Observer variation in target volume delineation of lung cancer related to radiation oncologist-computer interaction: a 'Big Brother' evaluation.
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SourceRadiotherapy and Oncology, 77, 2, (2005), pp. 182-90
Article / Letter to editor
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Radiotherapy and Oncology
SubjectONCOL 3: Translational research; UMCN 1.5: Interventional oncology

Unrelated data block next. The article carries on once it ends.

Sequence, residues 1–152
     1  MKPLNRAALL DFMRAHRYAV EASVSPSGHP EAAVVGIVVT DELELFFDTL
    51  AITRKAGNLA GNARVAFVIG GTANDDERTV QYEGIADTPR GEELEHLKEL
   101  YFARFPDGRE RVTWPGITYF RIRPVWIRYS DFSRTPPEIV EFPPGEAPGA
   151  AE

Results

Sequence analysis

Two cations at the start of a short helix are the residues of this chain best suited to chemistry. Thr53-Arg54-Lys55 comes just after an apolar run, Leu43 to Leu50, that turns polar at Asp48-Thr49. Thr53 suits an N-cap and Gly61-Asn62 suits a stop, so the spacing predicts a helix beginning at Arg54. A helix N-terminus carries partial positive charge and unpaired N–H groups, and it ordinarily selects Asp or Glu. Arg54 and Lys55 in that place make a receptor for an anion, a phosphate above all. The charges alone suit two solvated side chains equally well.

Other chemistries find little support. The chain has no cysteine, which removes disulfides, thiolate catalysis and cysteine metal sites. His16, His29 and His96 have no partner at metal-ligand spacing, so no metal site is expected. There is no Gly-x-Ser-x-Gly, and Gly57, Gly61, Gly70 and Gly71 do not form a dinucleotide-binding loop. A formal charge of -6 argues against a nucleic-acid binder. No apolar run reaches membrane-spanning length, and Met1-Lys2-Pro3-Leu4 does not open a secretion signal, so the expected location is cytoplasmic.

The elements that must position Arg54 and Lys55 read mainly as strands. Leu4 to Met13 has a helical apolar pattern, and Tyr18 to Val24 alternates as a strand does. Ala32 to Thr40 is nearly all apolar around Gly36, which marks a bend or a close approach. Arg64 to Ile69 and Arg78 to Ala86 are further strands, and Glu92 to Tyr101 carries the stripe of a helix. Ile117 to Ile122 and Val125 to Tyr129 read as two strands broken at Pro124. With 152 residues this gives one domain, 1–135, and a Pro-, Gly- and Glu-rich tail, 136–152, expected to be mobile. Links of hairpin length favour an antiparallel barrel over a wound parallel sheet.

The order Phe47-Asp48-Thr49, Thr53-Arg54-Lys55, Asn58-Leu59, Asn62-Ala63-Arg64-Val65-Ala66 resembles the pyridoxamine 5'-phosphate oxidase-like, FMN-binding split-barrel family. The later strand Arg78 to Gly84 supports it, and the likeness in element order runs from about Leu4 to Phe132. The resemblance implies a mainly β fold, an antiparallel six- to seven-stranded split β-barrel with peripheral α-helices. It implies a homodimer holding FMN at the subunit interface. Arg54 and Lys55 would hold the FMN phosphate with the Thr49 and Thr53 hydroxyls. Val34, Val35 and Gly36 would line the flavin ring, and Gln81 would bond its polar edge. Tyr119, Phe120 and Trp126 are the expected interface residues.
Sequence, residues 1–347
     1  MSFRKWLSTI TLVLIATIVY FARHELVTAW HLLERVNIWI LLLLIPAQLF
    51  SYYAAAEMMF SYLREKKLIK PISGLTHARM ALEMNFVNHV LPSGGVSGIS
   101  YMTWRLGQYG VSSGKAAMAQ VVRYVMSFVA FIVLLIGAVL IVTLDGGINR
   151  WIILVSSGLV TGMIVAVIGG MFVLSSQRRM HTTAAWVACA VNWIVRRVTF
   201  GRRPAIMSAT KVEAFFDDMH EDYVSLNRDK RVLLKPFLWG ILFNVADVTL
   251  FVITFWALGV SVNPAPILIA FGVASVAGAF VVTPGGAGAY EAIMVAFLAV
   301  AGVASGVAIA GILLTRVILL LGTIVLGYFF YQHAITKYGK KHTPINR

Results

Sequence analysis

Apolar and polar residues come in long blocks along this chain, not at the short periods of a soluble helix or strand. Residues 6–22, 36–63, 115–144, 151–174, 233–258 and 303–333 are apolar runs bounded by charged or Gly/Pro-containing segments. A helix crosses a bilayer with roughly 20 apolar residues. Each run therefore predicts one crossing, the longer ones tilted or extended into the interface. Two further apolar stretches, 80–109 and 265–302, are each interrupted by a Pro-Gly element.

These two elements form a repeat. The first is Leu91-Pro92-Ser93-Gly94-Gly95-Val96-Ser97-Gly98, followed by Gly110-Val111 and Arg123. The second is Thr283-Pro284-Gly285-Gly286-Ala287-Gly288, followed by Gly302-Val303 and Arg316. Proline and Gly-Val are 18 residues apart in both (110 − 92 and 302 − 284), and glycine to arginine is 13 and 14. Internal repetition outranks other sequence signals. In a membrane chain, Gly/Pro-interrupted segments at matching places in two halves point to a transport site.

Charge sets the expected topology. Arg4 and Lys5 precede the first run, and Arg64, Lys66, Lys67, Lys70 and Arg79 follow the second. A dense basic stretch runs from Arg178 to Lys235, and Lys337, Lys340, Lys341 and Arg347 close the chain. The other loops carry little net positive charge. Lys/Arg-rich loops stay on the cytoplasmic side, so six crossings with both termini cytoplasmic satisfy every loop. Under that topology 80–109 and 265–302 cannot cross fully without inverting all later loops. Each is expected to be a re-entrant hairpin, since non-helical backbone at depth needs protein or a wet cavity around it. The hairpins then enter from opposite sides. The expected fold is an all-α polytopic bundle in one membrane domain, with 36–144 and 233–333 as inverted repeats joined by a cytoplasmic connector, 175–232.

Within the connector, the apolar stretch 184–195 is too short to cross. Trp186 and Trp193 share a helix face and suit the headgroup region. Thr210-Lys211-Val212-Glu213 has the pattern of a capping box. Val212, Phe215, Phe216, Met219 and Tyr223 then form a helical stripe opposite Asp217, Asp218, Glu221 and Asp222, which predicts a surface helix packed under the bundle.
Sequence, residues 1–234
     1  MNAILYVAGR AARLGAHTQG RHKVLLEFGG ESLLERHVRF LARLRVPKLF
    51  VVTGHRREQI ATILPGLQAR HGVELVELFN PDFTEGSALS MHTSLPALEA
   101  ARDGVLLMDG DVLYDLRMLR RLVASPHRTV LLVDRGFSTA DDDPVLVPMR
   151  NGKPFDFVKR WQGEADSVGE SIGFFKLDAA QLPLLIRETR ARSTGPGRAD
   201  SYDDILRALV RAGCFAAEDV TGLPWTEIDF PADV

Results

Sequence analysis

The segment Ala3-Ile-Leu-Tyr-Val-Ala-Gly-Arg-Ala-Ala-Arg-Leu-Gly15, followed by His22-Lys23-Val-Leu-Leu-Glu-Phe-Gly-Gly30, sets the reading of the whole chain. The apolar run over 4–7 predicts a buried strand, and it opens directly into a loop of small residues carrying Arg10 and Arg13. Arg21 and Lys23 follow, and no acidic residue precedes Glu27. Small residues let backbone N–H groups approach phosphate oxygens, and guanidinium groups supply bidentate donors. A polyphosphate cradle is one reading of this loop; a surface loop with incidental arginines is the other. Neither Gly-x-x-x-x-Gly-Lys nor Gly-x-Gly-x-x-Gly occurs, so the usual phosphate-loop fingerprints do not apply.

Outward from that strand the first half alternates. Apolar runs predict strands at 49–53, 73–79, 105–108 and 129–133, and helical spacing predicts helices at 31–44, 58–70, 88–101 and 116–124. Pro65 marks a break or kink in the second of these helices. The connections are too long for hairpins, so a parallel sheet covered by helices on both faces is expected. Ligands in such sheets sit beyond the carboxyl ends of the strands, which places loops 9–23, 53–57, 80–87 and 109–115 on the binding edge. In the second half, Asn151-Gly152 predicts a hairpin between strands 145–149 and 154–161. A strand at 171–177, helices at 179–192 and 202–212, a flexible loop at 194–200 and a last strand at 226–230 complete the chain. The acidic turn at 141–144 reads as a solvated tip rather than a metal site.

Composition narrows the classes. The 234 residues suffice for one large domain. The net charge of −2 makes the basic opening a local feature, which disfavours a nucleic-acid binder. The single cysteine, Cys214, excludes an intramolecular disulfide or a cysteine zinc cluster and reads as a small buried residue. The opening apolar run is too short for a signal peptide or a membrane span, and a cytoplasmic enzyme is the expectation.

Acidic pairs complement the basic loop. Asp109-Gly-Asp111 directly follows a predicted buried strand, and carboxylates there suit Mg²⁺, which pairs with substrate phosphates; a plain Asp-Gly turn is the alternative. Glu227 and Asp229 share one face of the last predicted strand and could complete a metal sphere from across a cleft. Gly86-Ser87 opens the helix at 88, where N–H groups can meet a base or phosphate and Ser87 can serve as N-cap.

BACKGROUND AND PURPOSE: To evaluate the process of target volume delineation in lung cancer for optimization of imaging, delineation protocol and delineation software. PATIENTS AND METHODS: Eleven radiation oncologists (observers) from five different institutions delineated the Gross Tumor Volume (GTV) including positive lymph nodes of 22 lung cancer patients (stages I-IIIB) on CT only. All radiation oncologist-computer interactions were recorded with a tool called 'Big Brother'. For each radiation oncologist and patient the following issues were analyzed: delineation time, number of delineated points and corrections, zoom levels, level and window (L/W) settings, CT slice changes, use of side windows (coronal and sagittal) and software button use. RESULTS: The mean delineation time per GTV was 16 min (SD 10 min). The mean delineation time for lymph node positive patients was on average 3 min larger (P = 0.02) than for lymph node negative patients. Many corrections (55%) were due to L/W change (e.g. delineating in mediastinum L/W and then correcting in lung L/W). For the lymph node region, a relatively large number of corrections was found (3.7 corr/cm2), indicating that it was difficult to delineate lymph nodes. For the tumor-atelectasis region, a relative small number of corrections was found (1.0 corr/cm2), indicating that including or excluding atelectasis into the GTV was a clinical decision. Inappropriate use of L/W settings was frequently found (e.g. 46% of all delineated points in the tumor-lung region were delineated in mediastinum L/W settings). Despite a large observer variation in cranial and caudal direction of 0.72 cm (1 SD), the coronal and sagittal side windows were not used in 45 and 60% of the cases, respectively. For the more difficult cases, observer variation was smaller when the coronal and sagittal side windows were used. CONCLUSIONS: With the 'Big Brother' tool a method was developed to trace the delineation process. The differences between observers concerning the delineation style were large. This study led to recommendations on how to improve delineation accuracy by adapting the delineation protocol (guidelines for L/W use) and delineation software (double window with lung and mediastinum L/W settings at the same time, enforced use of coronal and sagittal views) and including FDG-PET information (lymph nodes and atelectasis).
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